SC rules: Manzano a Filipino, may stay
ALL you Filipinos holding dual citizenship may now come out of the closet. The Supreme Court has just said it’s okay.
That is, if while securing your second citizenship you did not perform any act that amounted to renouncing your Filipino citizenship or paying allegiance to a foreign power.
In a landmark ruling in the case Mercado vs. Comelec issued some three months ago, the Supreme Court threw out a petition to stop the Commission on Elections from proclaiming the poll victory of Makati Vice Mayor Edu Manzano.
The petitioner, defeated vice mayoral candidate Ernesto Mercado, said Manzano was not a Filipino as required of candidates because he was an American. As an alien, Manzano should not have run and should not be proclaimed winner, his rival said.
Manzano admitted that he held an American passport, a prima facie evidence of one’s citizenship, but pointed out that he also carried a Philippine passport and was also a Filipino – in short, a dual citizen.
To dramatize his being a true-blue Filipino, the actor tore his US passport in a press conference.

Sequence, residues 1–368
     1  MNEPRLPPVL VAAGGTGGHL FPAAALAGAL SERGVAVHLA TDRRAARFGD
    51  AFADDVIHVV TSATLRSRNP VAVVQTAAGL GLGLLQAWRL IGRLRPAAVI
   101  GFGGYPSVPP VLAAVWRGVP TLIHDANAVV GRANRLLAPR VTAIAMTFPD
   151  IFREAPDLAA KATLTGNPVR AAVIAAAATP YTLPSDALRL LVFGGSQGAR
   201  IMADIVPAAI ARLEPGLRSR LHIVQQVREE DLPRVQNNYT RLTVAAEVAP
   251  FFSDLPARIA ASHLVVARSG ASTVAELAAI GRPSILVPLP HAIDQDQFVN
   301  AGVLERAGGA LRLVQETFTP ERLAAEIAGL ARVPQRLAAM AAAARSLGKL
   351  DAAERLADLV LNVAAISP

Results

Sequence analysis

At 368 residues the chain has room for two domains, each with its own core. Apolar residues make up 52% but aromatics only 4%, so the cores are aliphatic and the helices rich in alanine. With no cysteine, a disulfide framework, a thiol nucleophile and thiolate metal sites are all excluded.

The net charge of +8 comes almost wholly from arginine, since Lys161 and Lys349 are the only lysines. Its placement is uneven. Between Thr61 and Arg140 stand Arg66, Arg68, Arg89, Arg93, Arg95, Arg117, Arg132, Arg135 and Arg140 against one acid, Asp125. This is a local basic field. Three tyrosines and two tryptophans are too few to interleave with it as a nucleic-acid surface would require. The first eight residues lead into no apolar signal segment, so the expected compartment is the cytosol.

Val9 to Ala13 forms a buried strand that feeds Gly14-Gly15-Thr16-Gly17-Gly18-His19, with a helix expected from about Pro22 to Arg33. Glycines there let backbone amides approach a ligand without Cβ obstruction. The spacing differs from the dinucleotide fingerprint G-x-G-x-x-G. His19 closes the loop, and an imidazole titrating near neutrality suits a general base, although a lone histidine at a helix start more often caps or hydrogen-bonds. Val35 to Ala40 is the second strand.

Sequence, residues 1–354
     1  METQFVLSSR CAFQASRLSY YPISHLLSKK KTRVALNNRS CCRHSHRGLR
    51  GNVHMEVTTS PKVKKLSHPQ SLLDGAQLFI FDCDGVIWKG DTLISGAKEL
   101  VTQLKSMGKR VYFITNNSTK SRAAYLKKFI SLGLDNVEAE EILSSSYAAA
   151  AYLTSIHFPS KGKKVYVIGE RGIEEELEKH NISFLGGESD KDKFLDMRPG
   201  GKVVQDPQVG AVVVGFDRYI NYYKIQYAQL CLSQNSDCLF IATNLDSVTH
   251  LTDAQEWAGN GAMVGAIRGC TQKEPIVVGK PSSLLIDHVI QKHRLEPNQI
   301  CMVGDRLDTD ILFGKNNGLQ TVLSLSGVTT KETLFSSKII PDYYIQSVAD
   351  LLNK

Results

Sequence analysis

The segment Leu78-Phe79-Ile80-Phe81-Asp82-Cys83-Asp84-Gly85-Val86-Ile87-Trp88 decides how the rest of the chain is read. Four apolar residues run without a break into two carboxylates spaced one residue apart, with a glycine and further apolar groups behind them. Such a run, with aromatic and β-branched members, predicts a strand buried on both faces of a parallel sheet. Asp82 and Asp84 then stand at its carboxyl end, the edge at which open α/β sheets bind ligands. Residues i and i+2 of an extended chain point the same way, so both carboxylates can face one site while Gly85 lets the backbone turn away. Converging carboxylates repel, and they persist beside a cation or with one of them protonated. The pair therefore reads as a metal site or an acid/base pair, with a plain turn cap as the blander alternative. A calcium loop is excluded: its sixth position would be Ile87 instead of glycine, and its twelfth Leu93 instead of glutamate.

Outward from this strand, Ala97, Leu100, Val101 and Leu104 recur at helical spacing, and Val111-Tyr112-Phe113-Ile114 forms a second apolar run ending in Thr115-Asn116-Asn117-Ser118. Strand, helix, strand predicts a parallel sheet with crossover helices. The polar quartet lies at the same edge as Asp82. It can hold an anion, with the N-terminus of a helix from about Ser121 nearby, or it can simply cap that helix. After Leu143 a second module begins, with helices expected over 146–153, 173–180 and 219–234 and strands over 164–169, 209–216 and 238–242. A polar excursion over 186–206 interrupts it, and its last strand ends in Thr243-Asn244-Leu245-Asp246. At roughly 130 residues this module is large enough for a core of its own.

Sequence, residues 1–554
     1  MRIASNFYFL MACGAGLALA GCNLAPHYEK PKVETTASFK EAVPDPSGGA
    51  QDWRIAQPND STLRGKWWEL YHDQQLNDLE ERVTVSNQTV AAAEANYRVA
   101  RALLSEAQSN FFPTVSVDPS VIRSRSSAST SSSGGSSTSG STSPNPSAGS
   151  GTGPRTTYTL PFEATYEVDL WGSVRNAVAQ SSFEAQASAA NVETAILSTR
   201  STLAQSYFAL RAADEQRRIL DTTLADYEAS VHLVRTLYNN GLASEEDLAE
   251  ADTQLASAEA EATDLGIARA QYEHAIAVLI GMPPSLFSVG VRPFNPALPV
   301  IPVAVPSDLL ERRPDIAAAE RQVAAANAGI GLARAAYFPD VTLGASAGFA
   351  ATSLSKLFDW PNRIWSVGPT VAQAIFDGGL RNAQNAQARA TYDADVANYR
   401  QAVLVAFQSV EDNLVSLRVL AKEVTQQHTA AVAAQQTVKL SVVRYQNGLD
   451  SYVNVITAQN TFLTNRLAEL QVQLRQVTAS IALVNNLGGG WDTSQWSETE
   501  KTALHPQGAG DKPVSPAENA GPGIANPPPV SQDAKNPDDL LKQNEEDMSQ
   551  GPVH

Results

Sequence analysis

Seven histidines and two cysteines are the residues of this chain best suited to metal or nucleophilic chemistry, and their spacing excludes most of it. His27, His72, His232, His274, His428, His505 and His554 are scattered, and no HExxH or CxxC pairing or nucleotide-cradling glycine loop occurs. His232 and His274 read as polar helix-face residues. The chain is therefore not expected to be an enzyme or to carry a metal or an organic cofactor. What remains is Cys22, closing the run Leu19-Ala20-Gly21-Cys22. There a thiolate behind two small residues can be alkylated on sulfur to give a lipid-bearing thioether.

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IN its unanimous decision, the Supreme Court said that a Filipino, under certain circumstances, may legally be also a citizen of another country and carry a foreign passport without necessarily losing his Filipino citizenship.
But he should not have performed overt acts of paying allegiance to a foreign power or willfully renouncing his Filipino citizenship, the court said.
Renunciation and loss of citizenship can result from one’s serving in the military force of another power, or applying for and gaining naturalization in another country.
But if a Filipino just happens to hold a foreign (US) passport by accident of his birth, as in the case of Manzano, and has not renounced his Filipino citizenship, he is still a Filipino despite his also being an American.
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THE Filipino traveler in the example can carry both Philippine and American passports without violating the law.
In fact, he is considered a natural-born citizen under our Constitution and may even run for president later in life if he has all the qualifications and none of the disqualifications for the presidency.
The Constitution says in part in Section 2 of the same Article IV: “Natural-born citizens are those who are citizens of the Philippines from birth without having to perform any act to acquire or perfect their Philippine citizenship.
A person born in the United States with at least one parent being a Filipino is an American and a Filipino at birth and need not do anything to perfect either of his two citizenships.
It is not his fault that the two countries both recognize him to be their citizen. He did not apply for citizenship. Things just happened without his active intervention. It was the state (the Philippines or the US) that claimed him as its citizen.